WASHINGTON --The $50 bill is getting splashes of red and blue, the second of the nation's paper currencies to sport new hues beyond the traditional black-ink fronts and green-ink backs.
The makeover, unveiled Monday, is part of an effort to make U.S. bills harder to counterfeit.
The extra color is subtle, similar to the look of the new $20 bill, which went into circulation last fall with a color treatment featuring touches of peach, blue and yellow.
"The new design is more secure than ever before. We believe it will be extremely effective in discouraging counterfeiters," said Treasury Secretary John Snow. "It's also a lovely piece of currency, maintaining the historic look and feel of a greenback while incorporating the elements of other colors that are very important to us in this country: red, white and blue."
The redesigned $50 is the same size and still features Ulysses S. Grant on the front and the U.S. Capitol on the back. But the borders around both Grant and the Capitol have been removed.
The new $50 features subtle background colors of red and blue. The stars and stripes of the U.S. flag are printed in blue and red behind the portrait of Grant on the front. A field of blue stars is located to the left of the portrait, while three red stripes are located to the right of Grant. A small metallic silver-blue star is located on the lower right side of Grant.
The redesigned $50 includes tiny yellow number 50s scattered in the background on the back of the note. That's similar to the new $20, which has little yellow 20s on the back.
Security features include embedded thread that glows when exposed to an ultraviolet light; color-shifting ink that changes from copper to green when tilted; and watermarks visible when held up to light. Some of those features included in the last redesign, in 1997, were enhanced.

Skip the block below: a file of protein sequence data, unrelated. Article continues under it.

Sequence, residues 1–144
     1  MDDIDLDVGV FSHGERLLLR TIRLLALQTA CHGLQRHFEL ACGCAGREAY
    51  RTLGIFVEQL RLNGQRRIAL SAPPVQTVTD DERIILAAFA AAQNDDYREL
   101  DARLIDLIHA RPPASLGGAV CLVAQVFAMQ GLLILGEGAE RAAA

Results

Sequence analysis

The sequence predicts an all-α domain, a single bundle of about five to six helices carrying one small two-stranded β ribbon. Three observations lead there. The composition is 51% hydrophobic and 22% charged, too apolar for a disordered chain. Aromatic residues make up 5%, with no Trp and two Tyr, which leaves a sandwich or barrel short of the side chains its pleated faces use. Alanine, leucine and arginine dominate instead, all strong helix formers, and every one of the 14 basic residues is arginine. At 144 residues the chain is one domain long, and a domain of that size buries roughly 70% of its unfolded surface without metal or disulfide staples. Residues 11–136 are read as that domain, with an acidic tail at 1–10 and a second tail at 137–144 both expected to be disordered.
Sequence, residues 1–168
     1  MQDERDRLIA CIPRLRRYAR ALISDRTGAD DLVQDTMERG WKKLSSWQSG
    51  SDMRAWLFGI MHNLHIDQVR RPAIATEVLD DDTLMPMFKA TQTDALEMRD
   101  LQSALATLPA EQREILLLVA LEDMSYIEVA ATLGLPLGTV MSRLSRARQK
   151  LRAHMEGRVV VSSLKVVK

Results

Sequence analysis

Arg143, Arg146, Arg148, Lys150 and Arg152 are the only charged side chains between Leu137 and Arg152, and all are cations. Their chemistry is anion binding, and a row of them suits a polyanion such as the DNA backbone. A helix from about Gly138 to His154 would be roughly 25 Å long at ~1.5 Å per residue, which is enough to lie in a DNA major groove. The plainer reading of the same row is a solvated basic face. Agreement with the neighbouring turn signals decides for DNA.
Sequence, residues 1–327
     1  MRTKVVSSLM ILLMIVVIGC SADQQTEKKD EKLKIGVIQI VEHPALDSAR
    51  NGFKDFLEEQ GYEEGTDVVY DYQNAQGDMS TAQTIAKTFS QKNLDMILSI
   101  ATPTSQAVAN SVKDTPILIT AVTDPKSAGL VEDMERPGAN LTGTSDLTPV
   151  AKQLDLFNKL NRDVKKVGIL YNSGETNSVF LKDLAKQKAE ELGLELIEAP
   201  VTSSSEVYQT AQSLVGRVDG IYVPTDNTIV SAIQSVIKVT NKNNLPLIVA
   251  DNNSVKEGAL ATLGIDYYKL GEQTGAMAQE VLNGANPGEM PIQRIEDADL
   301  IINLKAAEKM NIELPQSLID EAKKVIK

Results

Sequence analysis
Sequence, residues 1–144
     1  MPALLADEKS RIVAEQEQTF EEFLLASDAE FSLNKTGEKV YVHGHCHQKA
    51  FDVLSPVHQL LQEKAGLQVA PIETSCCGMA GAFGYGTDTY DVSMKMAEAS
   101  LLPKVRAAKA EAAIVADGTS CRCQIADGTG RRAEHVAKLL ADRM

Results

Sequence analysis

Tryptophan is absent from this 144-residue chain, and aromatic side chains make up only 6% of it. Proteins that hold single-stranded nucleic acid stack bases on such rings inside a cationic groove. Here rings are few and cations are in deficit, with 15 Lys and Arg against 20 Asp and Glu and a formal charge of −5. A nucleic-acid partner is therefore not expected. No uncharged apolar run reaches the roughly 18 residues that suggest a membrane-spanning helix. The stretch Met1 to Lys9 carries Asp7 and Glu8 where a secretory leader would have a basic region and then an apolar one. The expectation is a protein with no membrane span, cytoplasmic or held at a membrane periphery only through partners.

Events to take the wrappers off the new $50 notes took place in Washington and in Fort Worth, Texas, where the Bureau of Engraving and Printing expanded its existing production facility and built a tour and visitors center. The new center will allow people to view the production of U.S. greenbacks west of the Mississippi River for the first time, the agency said.
"Adding color is a good idea. It kicks it up a notch and makes it more difficult to counterfeit and adds interest to the bill," said Len Glazer, director of Heritage Currency Auctions in Dallas. "Other countries have been doing it for a very long time."
The bureau expects to print 76.8 million new $50s this year. New bills, however, aren't likely to go into circulation and start showing up in cash registers until fall. Old $50s will continue to be accepted and recirculated until they wear out; they average five years in use.
The bureau also plans to add color to the $100 bill, the most knocked-off note outside the United States. It has not been determined when the new $100 will be unveiled. Officials are still considering whether to redesign $5s and $10s. But $1s and $2s will stay the same because they aren't of much interest to counterfeiters.
Over the years, counterfeiters have graduated from offset printing to increasingly sophisticated color copiers, computer scanners, color ink jet printers and publishing-grade software. Trying to stay a step ahead of the counterfeiters is a challenge, experts said.
"Sophisticated counterfeiting is always going to exist. Whenever there is a way to make money illegally some people will grab for it," Glazer said.
On the Net:
Bureau of Engraving and Printing: http://www.moneyfactory.com/